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Speed Restrictions Are Always Required On STAR Arrivals, Except When ATC Tells You This

Live from the Flight Deck

Even without a "descend via" clearance from ATC, speed restrictions still apply along STAR arrival routes. Here's why...

Review: Flying A STAR

Standard Terminal Arrival Routes (STAR) are flown by aircraft descending out of the flight levels into the busiest airports in the country. If you haven't flown a jet or turboprop, chances are you haven't flown a STAR. However, even piston aircraft can be assigned STAR arrivals, and it's something any instrument-rated pilot needs to understand.

STAR arrival procedures streamline inbound IFR traffic into defined routes. They often start with a transition route, and eventually, all of these transition routes merge, and the aircraft join the same route. ATC organizes arriving traffic in three dimensions. They're managing altitude, lateral path, and airspeed to keep traffic separated. Arrivals help with all three.

Flight Crew Report: Failed To Meet A Speed Restriction

STARs can be complex procedures and they sometimes leave crews confused, resulting in missed altitude and speed restrictions. The key to flying a successful STAR is early planning, a thorough briefing, and closely monitoring speed and altitude throughout the procedure.

The following NASA ASRS report details a crew that failed to comply with a speed restriction, resulting in a vector from ATC followed by a radio confrontation. Here's what happened...

I was the pilot monitoring, the First Officer was the pilot flying. We were initially cleared to descend via the arrival into ZZZ. This was the anticipated arrival from when we left and was briefed by the First Officer as well as the anticipated approach to the runway. ATC gave us the clearance to descend via and the First Officer set the bottom altitude of 8,000 feet, which I verified. As I was gathering landing information and the ATIS, we were given an amended altitude to 14,000 feet, with us currently flying around 24,000-20,000 feet.

The First Officer set the new altitude to 14,000 feet. Around the ZZZZZ2 intersection, ATC asked us to turn 20 degrees right for spacing and asked what our indicated airspeed was. I looked and responded "315 knots." Right away, I immediately knew what happened. ATC told us that the arrival should have had us back to 280 knots by now, which I replied: "roger, correcting." The First Officer stated that he was planning on slowing to 250 knots at ZZZZZ1 (below 10,000 feet) because they had canceled our descend via clearance earlier when they gave us 14,000 feet. After slowing, we were cleared direct ZZZZZ1 and cleared to descend via once again and had no further issues.


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What Does The AIM Say About Speed?

Long story short, speeds are part of the lateral portion of a STAR. That means if the STAR is a part of your filed routing, or ATC instructs you to "join the ZZZ arrival", you need to comply with the speeds published on the arrival, even if you aren't given a "descend via" clearance.

The FAA's AIM 5-4-1 says, "published speed restrictions are independent of altitude restrictions and are mandatory unless modified by ATC. Pilots should plan to cross waypoints with a published speed restriction, at the published speed, and should not exceed this speed past the associated waypoint unless authorized by ATC or a published note to do so."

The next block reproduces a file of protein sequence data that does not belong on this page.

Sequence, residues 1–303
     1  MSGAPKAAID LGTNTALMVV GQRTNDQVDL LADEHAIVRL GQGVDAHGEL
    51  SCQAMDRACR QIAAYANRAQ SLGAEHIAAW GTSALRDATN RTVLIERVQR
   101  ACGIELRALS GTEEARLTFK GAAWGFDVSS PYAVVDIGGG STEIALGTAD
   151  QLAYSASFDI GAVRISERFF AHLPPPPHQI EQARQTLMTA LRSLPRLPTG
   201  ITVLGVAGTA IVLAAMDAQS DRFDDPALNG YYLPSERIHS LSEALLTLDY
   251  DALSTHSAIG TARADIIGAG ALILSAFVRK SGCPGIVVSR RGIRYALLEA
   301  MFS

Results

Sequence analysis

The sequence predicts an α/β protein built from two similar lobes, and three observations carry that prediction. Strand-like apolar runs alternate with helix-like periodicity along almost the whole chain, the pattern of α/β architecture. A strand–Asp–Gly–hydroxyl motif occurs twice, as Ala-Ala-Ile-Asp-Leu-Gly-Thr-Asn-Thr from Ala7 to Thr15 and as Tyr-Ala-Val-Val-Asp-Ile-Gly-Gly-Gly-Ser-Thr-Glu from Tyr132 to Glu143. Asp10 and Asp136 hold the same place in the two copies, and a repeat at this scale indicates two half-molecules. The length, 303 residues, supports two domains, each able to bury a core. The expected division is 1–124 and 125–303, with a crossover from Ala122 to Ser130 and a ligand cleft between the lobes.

If you see an "expect" altitude or speed restriction, that is not mandatory until issued by ATC. However, "When otherwise cleared along a route or procedure that contains published speed restrictions, the pilot must comply with those speed restrictions independent of any descend via clearance" (AIM 5-4-1).

When you're cleared for an arrival, you're following a lateral path and you must comply with the speed restrictions. And, if you're cleared to descend via the arrival, you're managing your altitude to hit each crossing restriction as well.

When Should You Slow Down?

If the speed restriction is at a specific waypoint, when exactly can you slow down? The answer is a little ambiguous. The FAA says that, "ATC anticipates pilots will begin adjusting speed the minimum distance necessary prior to a published speed restriction so as to cross the waypoint/fix at the published speed."

From that point on, controllers will expect you to adjust your speed as necessary to meet any further crossing restrictions. Because every airplane performs differently, there's not a specific point when you can or cannot begin to slow down. You just have to meet the speed restriction at the designated waypoint.

ATC Just Cancelled Your Speed Restriction

For changes to published speed restrictions along a STAR, ATC can issue you new instructions. They may cancel the speed restrictions altogether, issue you a new speed restriction at a waypoint, or tell you to "maintain" a certain airspeed.

What The Most Challenging STAR You've Flown?

There are some pretty challenging STARs around the country. Charlotte (KCLT) has some of the most notorious. Where have you encountered challenging STARs and how did you manage your descent? Tell us in the comments below.

Swayne Martin

Swayne is an editor at Boldmethod, certified flight instructor, and an Embraer 145 First Officer for a regional airline. He graduated as an aviation major from the University of North Dakota in 2018, holds a PIC Type Rating for Cessna Citation Jets (CE-525), and is a former pilot for Mokulele Airlines. He's the author of articles, quizzes and lists on Boldmethod every week. You can reach Swayne at swayne@boldmethod.com, and follow his flying adventures on his YouTube Channel.

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